Chinese cryptocurrency financial services firm Babel Finance rides the mainstream wave with US$40mil Series A

From geek-only to institutional, cryptocurrencies are becoming mainstream. Babel Finance, a Hong Kong-based crypto financial services firm, has just raised US$40mil from Sequoia Capital China and Tiger Global Management. — SCMP

Officially banned in China in 2017, bitcoin and other cryptocurrencies are now making their way to mainstream acceptance with the help of Chinese-run start-up Babel Finance.

“Education [of investors on bitcoin] isn’t necessary any more,” said Flex Yang, founder and CEO of the Hong Kong-based cryptocurrency financial services firm, in an interview with the South China Morning Post. “The crypto market has evolved from geek-only to institutional and professional.”

The value of bitcoin, the largest cryptocurrency by volume, has doubled since the start of the year after big Wall Street firms dabbled in the exchange. BlackRock added bitcoin futures as a potential investment for two of its funds, and Goldman Sachs relaunched its cryptocurrency trading desk in the spring, according to CNBC and the Financial Times.

Tesla founder Elon Musk said in March that people can buy its electric cars with bitcoin. Musk’s posts have been credited with pushing up the value of cryptocurrencies, including bitcoin and dogecoin.

Flex Yang, CEO and founder of Babel Finance. Photo: Handout

“Our business was small before,” said Babel‘s Yang. ”But over the past three years, especially since late 2020, the crypto market has skyrocketed and received many more institutional investors.”

On Monday, Babel Finance announced the completion of its strategic Series A fundraising of US$40mil (RM164.86mil) from some traditional financiers including Sequoia Capital China, Tiger Global Management, Bertelsmann and BAI Capital. Other investors included Zoo Capital and Dragonfly Capital.

“The alliance [will allow us to] provide a full suite of reliable services to meet the growing demand from mainstream investors who are keen to add crypto assets in their portfolio,” Yang said.

Yang said that when he formed the firm in 2018, he and his colleagues had to spend hours explaining to potential investors what bitcoin was.

Yulong Liu, Babel’s partner and head of global partnerships, witnessed that change via recruitment.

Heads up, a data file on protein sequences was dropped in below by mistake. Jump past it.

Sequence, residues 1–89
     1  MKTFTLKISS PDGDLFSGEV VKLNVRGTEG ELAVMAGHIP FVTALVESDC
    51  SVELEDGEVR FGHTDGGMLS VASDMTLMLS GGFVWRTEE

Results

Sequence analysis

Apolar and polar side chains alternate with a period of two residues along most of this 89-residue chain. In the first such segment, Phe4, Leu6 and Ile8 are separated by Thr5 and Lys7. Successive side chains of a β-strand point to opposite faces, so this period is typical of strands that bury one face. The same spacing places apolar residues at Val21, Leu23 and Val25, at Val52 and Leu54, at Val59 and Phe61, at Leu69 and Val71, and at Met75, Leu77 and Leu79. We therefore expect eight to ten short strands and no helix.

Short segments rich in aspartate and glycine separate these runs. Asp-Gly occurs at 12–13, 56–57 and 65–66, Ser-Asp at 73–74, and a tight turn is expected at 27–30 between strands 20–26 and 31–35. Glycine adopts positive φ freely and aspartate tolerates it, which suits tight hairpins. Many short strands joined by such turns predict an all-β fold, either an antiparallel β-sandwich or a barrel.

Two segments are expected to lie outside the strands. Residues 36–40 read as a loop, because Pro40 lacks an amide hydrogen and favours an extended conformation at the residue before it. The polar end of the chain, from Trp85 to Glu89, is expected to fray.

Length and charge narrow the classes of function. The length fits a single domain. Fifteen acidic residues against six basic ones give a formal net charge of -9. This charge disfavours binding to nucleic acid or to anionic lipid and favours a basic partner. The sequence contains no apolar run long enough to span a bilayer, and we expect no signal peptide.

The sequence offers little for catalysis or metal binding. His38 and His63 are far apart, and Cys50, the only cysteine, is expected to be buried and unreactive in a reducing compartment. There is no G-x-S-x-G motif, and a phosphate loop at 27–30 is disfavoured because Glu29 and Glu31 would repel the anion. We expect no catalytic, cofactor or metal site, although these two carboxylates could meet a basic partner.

“Before it was very hard to poach talents from traditional financial institutions,” Liu said. “Now we receive resumes from Goldman Sachs [employees].”

Babel runs three major businesses: crypto loans, crypto assets management and institutional services that help financial companies access major crypto exchanges with the help of its risk control technology.

The amount of its outstanding loans rose to the equivalent of US$2bil (RM8.24bil) by the end of February, with a monthly trading volume of US$8bil (RM32.97bil), as it tries to go mainstream by applying for asset management licences in Hong Kong and Singapore. It is also considering a banking licence in Europe.

Babel’s major rival Matrixport, established in 2019 by former Bitmain co-founders Jihan Wu and Yuesheng Ge, said on its official website that its outstanding loans were equivalent to US$400mil (RM1.64bil) and that it had a monthly trading volume of US$5bil (RM20.61bil).

“We’re frenemy with our industry peers,” said Yang, “We lend and borrow from our rivals as well.”

Beijing imposed a ban on initial coin offerings and cryptocurrency exchanges in 2017. Local governments’ stance on crypto mining, although not completely banned, has been more prudent over power consumption concerns.

But Li Bo, deputy governor of the People’s Bank of China, recently set a softer tone for the digital assets, saying that he viewed cryptocurrencies as an “investment alternative”.

“[Cryptocurrency assets] are not currency per se,” said Li in April at the Boao Forum in Hainan province. “And so the main role we see for crypto assets going forward, the main role is investment alternative.”

Babel’s Yang said that Li’s comment may signal a positive shift that the industry could benefit from future policies.

“In the future, we hope to have more communication channels with regulators in Asia to build a crypto service platform in compliance with laws and regulations,” Yang said. – South China Morning Post

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